Innovation and job creation: The role of 4G

Over the years, I’ve written repeatedly about the role of innovation in creating jobs. Industries with stagnant innovation lose jobs to more dynamic competitors, while innovative industries lead the jobs parade.  For example, in July 2010 I wrote a paper entitled “The Coming Communications Boom? Jobs, Innovation and Countercyclical Regulatory Policy”, where I argued that the communications sector is going to be the jobs leader in the current expansion:

Today, the broad communications sector is an innovation success story in an otherwise sluggish economy. And that success feeds on itself. The Internet companies have access to bigger potential markets as the broadband providers deepen and extend their networks. The broadband companies benefit from innovative applications that drive traffic and demand. And the applications developers, small and large, are able to take advantage of new capabilities.

This interconnected and self-reinforcing collection of industries is reminiscent of the early stages of past booms, which were never driven by a single industry. In this case, the employment expansion of several communications-related industries, despite the overall weak labor market, is a sign that the broad communications sector is going to be a leader in the coming recovery.

Now there’s a new study from Rob Shapiro and Kevin Hassett  which provides confirmation of this thesis, as it applies to 4G.

we find that the adoption and use of successive generations of cell phones from April 2007 to June 2011, supported by the transitions from 2G to 3G, led to the creation of more than 1,585,000 new jobs across the United States. Moreover, every 10 percentage point increase in the penetration rate of 3G and 4G phones and devices occurring as we write today — in the last quarter of 2011 — should add 231,690 jobs to the economy by the third quarter of 2012.

 This implies that accelerating the rate of 4G adoption, in whatever way possible, can accelerate job creation. Good stuff!

Comments

  1. True, but it’s not as cut and dried as you make out. For example, as the internet and 4G take off, people are increasingly shopping online, presaging the death of retail. Since a lot of those telco jobs are probably retail jobs, a lot of them won’t stick around either. The only telco jobs that will always be here are the technical operators who install and maintain the physical network, everything else can be offshored. Also, most of the “jobs” building those routers and smartphones are created in China and the third world, while most of the smartphone profits go to Apple (the rest going to foreign smartphone makers, Google doesn’t make much from Android).

    My point is that creative destruction has been kicked into fifth gear in the information age, with massive creation and destruction going on all at the same time. While telco jobs might be going up now, a lot of those retail jobs and the retail sector generally is slowly disappearing, hence Borders being liquidated and practically every other retail chain like Barnes & Noble or Best Buy under heavy pressure. It’s going to take whole new categories of information work to replace those jobs, simply replacing retail jobs in one sector with retail jobs in telco is never going to work when retail itself is being destroyed.🙂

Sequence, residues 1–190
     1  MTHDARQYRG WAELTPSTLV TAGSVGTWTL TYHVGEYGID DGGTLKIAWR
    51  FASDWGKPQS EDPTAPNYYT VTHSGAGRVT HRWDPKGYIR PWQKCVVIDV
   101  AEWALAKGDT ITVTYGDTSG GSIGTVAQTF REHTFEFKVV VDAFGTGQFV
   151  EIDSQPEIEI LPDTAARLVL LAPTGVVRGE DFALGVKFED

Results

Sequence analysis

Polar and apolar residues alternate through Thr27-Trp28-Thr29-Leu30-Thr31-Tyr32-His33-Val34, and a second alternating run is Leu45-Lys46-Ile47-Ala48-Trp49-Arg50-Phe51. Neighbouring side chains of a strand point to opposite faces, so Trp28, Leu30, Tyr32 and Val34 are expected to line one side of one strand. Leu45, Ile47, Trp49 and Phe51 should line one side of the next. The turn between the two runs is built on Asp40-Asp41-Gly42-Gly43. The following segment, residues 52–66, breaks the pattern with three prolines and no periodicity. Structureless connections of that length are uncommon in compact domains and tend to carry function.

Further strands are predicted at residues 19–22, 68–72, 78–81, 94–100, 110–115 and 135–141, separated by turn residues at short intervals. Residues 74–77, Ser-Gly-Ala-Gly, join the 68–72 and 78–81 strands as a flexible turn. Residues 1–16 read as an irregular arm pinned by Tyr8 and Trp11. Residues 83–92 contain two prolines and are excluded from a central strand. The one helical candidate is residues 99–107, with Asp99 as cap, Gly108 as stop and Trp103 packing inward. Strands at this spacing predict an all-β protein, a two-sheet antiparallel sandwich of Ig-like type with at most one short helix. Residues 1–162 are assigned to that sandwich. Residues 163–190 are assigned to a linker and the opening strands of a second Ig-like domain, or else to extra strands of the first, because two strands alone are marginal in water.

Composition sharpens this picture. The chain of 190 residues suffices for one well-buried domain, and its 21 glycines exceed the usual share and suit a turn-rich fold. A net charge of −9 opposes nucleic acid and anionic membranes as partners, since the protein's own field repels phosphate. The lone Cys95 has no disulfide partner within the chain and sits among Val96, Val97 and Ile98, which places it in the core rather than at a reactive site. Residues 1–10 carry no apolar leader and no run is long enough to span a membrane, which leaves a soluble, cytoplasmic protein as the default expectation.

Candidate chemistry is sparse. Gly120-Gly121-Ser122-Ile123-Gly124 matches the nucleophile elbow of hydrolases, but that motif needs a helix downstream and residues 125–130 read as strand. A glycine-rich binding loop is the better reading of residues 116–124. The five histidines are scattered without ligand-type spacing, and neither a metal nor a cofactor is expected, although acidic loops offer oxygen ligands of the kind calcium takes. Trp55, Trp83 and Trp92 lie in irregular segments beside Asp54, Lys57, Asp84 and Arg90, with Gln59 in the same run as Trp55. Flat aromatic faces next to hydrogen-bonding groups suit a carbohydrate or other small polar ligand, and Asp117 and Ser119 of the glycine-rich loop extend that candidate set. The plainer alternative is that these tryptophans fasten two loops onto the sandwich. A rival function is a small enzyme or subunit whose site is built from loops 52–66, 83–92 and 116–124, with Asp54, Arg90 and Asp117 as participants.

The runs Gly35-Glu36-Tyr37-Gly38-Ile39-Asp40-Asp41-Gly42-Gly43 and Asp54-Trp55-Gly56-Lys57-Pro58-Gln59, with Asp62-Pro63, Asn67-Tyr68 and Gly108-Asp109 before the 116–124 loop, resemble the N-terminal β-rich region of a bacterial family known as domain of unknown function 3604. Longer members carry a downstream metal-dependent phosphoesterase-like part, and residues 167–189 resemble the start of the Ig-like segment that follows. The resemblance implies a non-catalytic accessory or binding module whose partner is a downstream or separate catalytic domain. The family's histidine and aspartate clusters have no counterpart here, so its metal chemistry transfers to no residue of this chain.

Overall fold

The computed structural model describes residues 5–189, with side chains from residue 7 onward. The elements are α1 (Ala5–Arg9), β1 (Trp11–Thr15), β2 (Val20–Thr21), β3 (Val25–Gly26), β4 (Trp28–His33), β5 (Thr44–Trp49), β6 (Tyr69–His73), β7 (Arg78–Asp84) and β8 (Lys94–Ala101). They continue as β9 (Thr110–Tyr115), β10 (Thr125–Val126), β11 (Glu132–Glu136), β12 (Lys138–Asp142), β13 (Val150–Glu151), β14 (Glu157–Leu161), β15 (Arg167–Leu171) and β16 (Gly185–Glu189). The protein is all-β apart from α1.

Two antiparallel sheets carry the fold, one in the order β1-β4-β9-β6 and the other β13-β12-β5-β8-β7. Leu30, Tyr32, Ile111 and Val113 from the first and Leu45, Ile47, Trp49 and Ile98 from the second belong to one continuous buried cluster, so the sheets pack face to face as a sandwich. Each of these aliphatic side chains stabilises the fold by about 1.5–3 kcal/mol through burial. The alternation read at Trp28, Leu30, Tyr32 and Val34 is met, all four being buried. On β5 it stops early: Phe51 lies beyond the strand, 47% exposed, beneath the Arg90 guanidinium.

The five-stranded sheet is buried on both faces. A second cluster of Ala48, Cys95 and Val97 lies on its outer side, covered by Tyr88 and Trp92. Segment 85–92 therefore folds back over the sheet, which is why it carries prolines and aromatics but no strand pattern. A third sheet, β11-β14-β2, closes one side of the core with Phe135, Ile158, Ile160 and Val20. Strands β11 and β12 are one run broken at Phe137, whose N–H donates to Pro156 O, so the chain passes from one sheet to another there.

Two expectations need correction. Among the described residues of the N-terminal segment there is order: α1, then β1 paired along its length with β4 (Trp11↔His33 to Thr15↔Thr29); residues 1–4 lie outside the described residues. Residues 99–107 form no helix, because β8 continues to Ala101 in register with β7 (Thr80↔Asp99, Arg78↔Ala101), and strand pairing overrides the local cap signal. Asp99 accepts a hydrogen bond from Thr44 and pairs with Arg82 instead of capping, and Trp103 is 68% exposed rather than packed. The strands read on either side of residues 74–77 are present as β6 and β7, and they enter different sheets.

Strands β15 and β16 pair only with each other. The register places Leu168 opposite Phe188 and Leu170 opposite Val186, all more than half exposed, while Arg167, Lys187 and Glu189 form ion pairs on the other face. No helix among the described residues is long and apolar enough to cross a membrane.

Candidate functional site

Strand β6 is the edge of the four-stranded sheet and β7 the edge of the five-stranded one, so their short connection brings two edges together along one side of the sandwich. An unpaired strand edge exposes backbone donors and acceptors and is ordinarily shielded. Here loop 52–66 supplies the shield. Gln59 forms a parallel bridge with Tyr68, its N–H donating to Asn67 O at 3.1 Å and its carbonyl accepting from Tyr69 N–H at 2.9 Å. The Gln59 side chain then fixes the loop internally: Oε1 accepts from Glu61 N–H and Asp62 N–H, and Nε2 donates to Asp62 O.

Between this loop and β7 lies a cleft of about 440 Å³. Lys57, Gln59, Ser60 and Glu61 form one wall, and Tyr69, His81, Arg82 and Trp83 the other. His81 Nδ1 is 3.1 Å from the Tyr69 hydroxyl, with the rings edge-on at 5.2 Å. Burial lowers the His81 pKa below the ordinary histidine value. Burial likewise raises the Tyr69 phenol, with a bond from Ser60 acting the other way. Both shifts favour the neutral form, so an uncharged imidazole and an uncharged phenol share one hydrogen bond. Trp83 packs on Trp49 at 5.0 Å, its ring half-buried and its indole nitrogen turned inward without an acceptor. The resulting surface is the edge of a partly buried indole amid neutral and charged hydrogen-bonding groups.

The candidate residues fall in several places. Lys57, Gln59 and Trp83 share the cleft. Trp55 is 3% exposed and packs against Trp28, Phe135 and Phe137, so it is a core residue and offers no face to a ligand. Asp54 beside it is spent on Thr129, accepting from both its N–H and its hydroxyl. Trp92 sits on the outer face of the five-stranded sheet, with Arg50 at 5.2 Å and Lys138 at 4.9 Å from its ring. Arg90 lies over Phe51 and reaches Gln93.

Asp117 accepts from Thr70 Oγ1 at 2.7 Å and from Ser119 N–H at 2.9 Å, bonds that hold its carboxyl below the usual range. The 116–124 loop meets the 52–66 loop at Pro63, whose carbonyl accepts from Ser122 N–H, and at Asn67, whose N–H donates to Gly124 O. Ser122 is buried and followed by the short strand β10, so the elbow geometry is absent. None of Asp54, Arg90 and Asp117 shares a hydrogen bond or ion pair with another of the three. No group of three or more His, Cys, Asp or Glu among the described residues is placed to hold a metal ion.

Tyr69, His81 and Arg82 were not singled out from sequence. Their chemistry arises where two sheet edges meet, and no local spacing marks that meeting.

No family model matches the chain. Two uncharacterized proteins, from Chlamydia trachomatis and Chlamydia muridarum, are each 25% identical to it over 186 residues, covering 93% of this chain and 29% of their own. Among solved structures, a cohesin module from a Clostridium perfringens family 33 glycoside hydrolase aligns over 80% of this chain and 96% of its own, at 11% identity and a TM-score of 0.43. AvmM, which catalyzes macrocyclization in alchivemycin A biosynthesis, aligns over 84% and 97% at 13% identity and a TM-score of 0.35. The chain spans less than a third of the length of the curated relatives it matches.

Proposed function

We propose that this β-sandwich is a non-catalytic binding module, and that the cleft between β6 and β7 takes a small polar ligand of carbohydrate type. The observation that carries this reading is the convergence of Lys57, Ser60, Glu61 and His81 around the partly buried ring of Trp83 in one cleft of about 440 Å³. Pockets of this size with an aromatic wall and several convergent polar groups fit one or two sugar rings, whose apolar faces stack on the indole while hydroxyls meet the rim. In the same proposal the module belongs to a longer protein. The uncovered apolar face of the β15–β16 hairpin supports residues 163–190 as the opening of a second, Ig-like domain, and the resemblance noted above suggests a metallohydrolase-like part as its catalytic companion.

2. Looks like my comment got stuck in the spam filter, please free it and delete this one.

    • Mike, not bothering to look at the comments anymore? I posted a comment with a couple links a week ago but the spam filter is holding it back. Please release and delete these comments.

    • Hmm, why isn’t this getting out of the spam filter?

    • Since Mike couldn’t be bothered to fish my previous comment out of the spam filter, I’ve reposted it after taking one of the links out, so it doesn’t trip up the spam block again:

      True, but it’s not as cut and dried as you make out. For example, as the internet and 4G take off, people are increasingly shopping online, presaging the death of retail. Since a lot of those telco jobs are probably retail jobs, a lot of them won’t stick around either. The only telco jobs that will always be here are the technical operators who install and maintain the physical network, everything else can be offshored. Also, most of the “jobs” building those routers and smartphones are created in China and the third world, while most of the smartphone profits go to Apple (the rest going to foreign smartphone makers, Google doesn’t make much from Android).

      My point is that creative destruction has been kicked into fifth gear in the information age, with massive creation and destruction going on all at the same time. While telco jobs might be going up now, a lot of those retail jobs and the retail sector generally is slowly disappearing, hence Borders being liquidated and practically every other retail chain like Barnes & Noble or Best Buy under heavy pressure. It’s going to take whole new categories of information work to replace those jobs, simply replacing retail jobs in one sector with retail jobs in telco is never going to work when retail itself is being destroyed.

  3. Why would 4G create jobs, when landline broadband clearly has not over the last 4 years?

    Note that Verizon Fios FTTx service has only 25% of potential customers signing on to it. Of 12 m who can get it, only 3m have chosen to pay for the faster Fios service.

Leave a Reply

Fill in your details below or click an icon to log in:

WordPress.com Logo

You are commenting using your WordPress.com account. Log Out / Change )

Twitter picture

You are commenting using your Twitter account. Log Out / Change )

Facebook photo

You are commenting using your Facebook account. Log Out / Change )

Google+ photo

You are commenting using your Google+ account. Log Out / Change )

Connecting to %s

Archives

%d bloggers like this: